January 21

Sea Lions and Trusting Relationships

I spent much of today wandering through Shedd Aquarium in Chicago. Like all the major museums in Chicago, it is world-class, with intriguing exhibits showcasing the many critters that live in the waters around the world.

As part of my outing, I also visited the “Aquatic Presentation,” featuring Pacific white-sided dolphins, and several “guests” such as a red-tailed hawk. Of particular interest to me was a sea lion named Cruz.

He is blind, due to gunshot wounds to his face when he was a pup. In the wild, he most likely would have perished. Instead, Shedd Aquarium adopted him, and he lives with a group of other sea lions. His trainer has used a long-handled rattle and auditory cues (including some words) to teach Cruz how to navigate his world (and how to wow the crowd!).

Shortly after Cruz’ arrival at the Shedd, his trainer stated, “[h]e has a fearless personality and eagerness to learn…” Wow! That sounds like any number of students who are eager to learn, yet are struggling in school because of circumstances or experiences we don’t know about or don’t understand. Instead of writing them off, we need to seek to understand.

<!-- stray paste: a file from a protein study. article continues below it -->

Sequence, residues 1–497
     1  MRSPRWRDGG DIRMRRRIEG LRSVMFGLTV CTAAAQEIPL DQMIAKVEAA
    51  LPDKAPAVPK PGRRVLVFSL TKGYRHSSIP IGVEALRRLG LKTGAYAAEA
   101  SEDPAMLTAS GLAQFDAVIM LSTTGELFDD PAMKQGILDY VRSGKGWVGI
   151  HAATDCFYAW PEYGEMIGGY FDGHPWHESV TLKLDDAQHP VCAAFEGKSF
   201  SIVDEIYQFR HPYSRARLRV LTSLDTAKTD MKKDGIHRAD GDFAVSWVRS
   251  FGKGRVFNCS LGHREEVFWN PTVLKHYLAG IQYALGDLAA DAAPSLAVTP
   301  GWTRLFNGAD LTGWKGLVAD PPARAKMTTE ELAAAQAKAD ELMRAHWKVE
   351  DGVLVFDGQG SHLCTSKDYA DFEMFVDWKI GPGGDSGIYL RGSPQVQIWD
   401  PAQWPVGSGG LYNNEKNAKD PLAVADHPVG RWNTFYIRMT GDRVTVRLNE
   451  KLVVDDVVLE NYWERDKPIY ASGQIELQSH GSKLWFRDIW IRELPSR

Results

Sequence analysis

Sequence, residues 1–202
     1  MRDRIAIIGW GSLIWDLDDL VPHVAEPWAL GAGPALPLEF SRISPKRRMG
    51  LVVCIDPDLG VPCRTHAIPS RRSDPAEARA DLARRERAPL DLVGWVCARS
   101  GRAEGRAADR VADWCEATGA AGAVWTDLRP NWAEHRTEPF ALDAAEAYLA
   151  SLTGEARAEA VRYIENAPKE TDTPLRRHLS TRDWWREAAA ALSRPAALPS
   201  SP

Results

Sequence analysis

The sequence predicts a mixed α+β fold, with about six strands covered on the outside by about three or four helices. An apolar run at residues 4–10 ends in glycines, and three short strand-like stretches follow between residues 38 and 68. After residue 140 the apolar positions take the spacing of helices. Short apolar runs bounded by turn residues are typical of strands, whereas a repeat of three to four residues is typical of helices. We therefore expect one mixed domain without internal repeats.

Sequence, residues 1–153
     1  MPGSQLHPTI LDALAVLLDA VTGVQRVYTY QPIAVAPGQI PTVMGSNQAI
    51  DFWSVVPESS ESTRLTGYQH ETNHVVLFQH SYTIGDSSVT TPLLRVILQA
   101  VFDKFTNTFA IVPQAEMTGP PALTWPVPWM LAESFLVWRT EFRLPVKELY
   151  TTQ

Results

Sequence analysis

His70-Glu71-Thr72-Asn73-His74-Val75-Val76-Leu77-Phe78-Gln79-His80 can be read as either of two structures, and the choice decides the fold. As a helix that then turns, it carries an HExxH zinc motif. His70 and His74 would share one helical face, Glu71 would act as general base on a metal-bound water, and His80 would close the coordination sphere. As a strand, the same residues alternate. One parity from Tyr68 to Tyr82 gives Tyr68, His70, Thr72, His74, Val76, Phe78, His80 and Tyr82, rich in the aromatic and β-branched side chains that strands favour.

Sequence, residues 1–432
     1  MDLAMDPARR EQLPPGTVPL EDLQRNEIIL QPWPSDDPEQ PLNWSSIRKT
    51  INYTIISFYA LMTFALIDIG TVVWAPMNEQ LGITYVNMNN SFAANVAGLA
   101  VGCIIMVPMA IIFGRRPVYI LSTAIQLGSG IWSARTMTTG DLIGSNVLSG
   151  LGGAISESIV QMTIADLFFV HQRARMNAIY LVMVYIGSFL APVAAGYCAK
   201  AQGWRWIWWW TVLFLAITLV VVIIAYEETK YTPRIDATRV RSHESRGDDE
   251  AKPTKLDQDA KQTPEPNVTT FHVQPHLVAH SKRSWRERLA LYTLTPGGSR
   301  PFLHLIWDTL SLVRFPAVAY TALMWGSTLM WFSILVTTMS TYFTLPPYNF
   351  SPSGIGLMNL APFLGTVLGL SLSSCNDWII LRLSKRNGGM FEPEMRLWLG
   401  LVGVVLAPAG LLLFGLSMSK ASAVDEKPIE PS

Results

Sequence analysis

Cruz’ trainer further elaborated, “[b]uilding trusting relationships is the cornerstone to providing the highest-quality care for our animals…” Wow! Another statement that could also be applied to humans. Building trusting relationships with our students will help us better understand what they need in order to learn well. It is only as we have strong relationships with them that we can become effective as their guides, mentors, and biggest supporters.

He has a fearless personality and eagerness to learn…

Tags: , , ,

Posted January 21, 2019 by inspirepassion in category #DigiWriMo

About the Author

I am a process-focused leader who uses collaboration, authenticity, and mentoring as key skills to inspire passion among learners of all ages. Aggregate eclectic professional experiences have honed my ability to coach others in designing and implementing courses of study using inquiry-/project-based learning (PBL).

Leave a Comment

Your email address will not be published. Required fields are marked *